1. The context itself

To create a context we can use React.createContext method which creates a context object. This is used to ensure that the components at different level can use the same context to fetch the data.  

In React.createContext, we can pass an input parameter as an argument which could be anything or it can be null as well.

import React from `react'; 
const ThemeContext = React.createContext('dark');  // Create our context       
export default ThemeContext;

In this example, a string is passed for the current Context which is “dark”. So we can say, the current theme required for a specific component is Dark.  

Also, we have exported the object so that we can use it in other places.

In one app, React also allows you to create multiple contexts. We should always try to separate context for different purposes, so as to maintain the code structure and better readability.

We will see that later in our reading.  

What next??

Now, to utilize the power of Context in our example, we want to provide this type of theme to all the components.  Context exposes a pair of elements which is a Provider Component and a Consumer Component.

2. A context provider

Okay, so now we have our Context object. And to make the context available to all our components we have to use a Provider.  

But, what is Provider?

According to the React documentation:

"every context object comes with a Provider React component that allows consuming components to subscribe to context changes"

In other words, Provider accepts a prop (value) and the data in this prop can be used in all the other child components. This value could be anything from the component state.

// myProvider.js
import React from 'react';
import Theme from './theme';
const myProvider = () => (
<Theme.Provider value='dark'>
...
</Theme.Provider> 
);
export default myProvider;

We can say that a provider acts just like a delivery service.

prop finding context and deliverling it to consumer
prop finding context and deliverling it to consumerWhen a consumer asks for something, it finds it in the context and delivers it to where it's needed.

But wait, who or what is the consumer???

3.  A context consumer 

What is Consumer?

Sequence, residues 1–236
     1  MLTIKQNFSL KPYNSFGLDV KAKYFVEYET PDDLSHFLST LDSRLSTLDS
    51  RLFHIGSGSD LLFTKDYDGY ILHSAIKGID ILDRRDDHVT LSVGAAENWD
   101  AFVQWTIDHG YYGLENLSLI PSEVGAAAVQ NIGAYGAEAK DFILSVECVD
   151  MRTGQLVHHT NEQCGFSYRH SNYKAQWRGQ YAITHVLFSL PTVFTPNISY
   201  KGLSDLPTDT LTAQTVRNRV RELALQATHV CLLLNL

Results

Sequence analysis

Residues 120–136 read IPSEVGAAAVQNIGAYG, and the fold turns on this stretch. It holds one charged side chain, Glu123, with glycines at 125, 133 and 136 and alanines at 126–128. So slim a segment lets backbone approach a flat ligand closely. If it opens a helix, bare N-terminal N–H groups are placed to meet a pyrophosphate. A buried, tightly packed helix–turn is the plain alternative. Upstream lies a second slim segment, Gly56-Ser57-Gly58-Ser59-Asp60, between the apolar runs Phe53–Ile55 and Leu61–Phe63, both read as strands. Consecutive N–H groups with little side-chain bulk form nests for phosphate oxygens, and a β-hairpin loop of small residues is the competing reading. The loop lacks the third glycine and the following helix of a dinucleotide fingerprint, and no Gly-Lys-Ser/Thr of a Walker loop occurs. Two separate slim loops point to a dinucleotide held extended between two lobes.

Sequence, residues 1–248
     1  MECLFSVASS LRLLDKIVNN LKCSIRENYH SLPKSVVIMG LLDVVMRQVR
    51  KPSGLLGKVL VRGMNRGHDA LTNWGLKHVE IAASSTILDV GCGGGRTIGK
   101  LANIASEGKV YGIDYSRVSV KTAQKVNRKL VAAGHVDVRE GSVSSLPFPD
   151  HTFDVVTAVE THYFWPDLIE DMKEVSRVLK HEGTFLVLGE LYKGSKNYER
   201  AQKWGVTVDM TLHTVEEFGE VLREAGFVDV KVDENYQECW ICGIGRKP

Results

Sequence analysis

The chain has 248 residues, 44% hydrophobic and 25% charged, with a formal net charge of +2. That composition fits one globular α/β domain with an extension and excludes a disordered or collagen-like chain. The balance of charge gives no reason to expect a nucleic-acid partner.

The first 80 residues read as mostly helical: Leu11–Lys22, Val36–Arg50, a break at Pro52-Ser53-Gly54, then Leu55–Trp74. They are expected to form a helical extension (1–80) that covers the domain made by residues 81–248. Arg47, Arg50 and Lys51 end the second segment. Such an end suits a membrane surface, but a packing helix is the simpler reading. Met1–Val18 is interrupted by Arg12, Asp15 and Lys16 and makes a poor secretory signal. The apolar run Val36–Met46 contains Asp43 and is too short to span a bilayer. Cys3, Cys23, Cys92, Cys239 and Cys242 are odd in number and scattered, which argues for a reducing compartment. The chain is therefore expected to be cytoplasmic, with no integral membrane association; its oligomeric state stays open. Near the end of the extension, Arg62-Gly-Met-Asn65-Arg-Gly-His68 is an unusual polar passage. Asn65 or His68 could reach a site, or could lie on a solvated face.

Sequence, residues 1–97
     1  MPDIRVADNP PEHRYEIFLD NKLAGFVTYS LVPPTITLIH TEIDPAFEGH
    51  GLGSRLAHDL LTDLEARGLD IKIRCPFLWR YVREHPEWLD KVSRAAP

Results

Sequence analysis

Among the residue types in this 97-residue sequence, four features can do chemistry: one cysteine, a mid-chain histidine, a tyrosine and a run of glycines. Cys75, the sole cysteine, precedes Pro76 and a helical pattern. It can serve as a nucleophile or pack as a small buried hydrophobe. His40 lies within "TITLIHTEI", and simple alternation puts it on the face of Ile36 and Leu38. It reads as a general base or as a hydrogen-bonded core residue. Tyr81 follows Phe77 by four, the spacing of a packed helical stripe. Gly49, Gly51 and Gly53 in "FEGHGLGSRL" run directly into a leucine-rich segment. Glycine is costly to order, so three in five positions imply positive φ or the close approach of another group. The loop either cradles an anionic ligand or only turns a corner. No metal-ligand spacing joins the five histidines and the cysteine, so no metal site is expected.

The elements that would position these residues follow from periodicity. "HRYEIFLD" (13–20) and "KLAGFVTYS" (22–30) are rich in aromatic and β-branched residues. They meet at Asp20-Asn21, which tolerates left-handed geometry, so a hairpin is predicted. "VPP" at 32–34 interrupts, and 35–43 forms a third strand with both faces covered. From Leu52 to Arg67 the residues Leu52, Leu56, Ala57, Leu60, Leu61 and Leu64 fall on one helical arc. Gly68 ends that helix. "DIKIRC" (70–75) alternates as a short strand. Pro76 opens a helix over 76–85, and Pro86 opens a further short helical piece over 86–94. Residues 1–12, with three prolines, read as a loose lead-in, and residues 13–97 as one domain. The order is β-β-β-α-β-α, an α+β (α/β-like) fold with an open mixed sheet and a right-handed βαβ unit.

A consumer is a place to keep the stored information. It can request for the data using the provider and can even manipulate the global store if the provider allows it. 

In our previous example, let’s grab the theme value and use it in our Header component. 

// Header.js 
  
import React from 'react'; 
import Theme from './theme'; 
  
const Header = () => ( 
   <Theme.Provider value='dark'> 
       <Theme.Consumer> 
           {theme => <div>Selected theme is {theme}</div>} 
       </Theme.Consumer> 
   </Theme.Provider> 
); 
  
export default Header;

Dynamic Context:  

We can also change the value of the provider by simply providing a dynamic context. One way of achieving it is by placing the Provider inside the component itself and grabbing the value from component state as below:

// Footer.js 

  
import React from 'react'; 
  
class Footer extends React.Component { 
   state = { 
       theme: 'dark' 
   }; 
  
   render() { 
       return ( 
           <MyThemeContext.Provider value={this.state.theme}> 
               <ThemedButtonHolder /> 
           </MyThemeContext.Provider> 
       ); 
   } 
}

Simple, no? We can easily change the value of  the Provider to any Consumer.

Consuming Context With Class-based Components

We all pretty know that there are two methods to write components in React, which is Class based components and Function based components. We have already seen a demo of how we can use the power of Context in class based components.  

One is to use the context from Consumer like “ThemeContext.Consumer” and the other method is by assigning context object from current Context to contextType property of our class.